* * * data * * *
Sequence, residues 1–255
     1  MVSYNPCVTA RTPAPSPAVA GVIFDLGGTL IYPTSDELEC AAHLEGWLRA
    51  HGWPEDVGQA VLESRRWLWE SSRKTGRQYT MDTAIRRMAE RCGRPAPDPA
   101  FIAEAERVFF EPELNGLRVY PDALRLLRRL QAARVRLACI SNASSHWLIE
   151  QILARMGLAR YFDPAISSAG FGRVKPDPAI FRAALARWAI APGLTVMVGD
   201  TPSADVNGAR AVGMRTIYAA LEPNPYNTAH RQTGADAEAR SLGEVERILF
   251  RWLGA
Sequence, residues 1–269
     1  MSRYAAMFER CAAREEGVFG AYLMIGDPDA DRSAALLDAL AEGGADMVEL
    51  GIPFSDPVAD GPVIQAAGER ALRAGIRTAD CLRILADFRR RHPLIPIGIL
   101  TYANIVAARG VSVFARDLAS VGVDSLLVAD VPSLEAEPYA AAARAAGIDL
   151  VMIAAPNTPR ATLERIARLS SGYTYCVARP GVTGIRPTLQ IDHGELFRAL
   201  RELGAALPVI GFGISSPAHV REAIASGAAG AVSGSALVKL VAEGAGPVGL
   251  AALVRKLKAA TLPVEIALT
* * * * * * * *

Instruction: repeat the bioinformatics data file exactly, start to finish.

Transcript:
Sequence, residues 1–255
     1  MVSYNPCVTA RTPAPSPAVA GVIFDLGGTL IYPTSDELEC AAHLEGWLRA
    51  HGWPEDVGQA VLESRRWLWE SSRKTGRQYT MDTAIRRMAE RCGRPAPDPA
   101  FIAEAERVFF EPELNGLRVY PDALRLLRRL QAARVRLACI SNASSHWLIE
   151  QILARMGLAR YFDPAISSAG FGRVKPDPAI FRAALARWAI APGLTVMVGD
   201  TPSADVNGAR AVGMRTIYAA LEPNPYNTAH RQTGADAEAR SLGEVERILF
   251  RWLGA
Sequence, residues 1–269
     1  MSRYAAMFER CAAREEGVFG AYLMIGDPDA DRSAALLDAL AEGGADMVEL
    51  GIPFSDPVAD GPVIQAAGER ALRAGIRTAD CLRILADFRR RHPLIPIGIL
   101  TYANIVAARG VSVFARDLAS VGVDSLLVAD VPSLEAEPYA AAARAAGIDL
   151  VMIAAPNTPR ATLERIARLS SGYTYCVARP GVTGIRPTLQ IDHGELFRAL
   201  RELGAALPVI GFGISSPAHV REAIASGAAG AVSGSALVKL VAEGAGPVGL
   251  AALVRKLKAA TLPVEIALT